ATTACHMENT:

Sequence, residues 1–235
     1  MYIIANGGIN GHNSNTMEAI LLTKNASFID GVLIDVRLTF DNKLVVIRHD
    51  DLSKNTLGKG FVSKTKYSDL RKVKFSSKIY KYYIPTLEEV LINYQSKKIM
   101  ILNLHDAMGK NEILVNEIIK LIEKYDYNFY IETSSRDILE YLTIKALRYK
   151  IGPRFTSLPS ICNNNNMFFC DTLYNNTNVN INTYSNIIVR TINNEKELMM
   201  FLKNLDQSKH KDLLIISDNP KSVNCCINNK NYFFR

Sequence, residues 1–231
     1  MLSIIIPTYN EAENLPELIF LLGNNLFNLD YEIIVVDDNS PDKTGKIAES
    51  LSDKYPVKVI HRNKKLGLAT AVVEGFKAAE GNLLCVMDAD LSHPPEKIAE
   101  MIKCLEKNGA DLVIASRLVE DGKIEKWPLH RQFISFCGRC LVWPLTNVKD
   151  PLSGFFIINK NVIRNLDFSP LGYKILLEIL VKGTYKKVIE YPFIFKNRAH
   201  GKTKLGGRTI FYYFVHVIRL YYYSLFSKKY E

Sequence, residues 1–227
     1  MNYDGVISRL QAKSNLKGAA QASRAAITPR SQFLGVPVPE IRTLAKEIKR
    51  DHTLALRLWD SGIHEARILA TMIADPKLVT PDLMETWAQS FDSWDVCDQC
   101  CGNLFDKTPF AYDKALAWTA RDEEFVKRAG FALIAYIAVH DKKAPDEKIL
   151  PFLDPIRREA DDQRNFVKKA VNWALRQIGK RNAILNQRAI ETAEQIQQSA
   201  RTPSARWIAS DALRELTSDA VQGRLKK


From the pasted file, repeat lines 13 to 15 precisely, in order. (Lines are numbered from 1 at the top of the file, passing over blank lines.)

Sequence, residues 1–227
     1  MNYDGVISRL QAKSNLKGAA QASRAAITPR SQFLGVPVPE IRTLAKEIKR
    51  DHTLALRLWD SGIHEARILA TMIADPKLVT PDLMETWAQS FDSWDVCDQC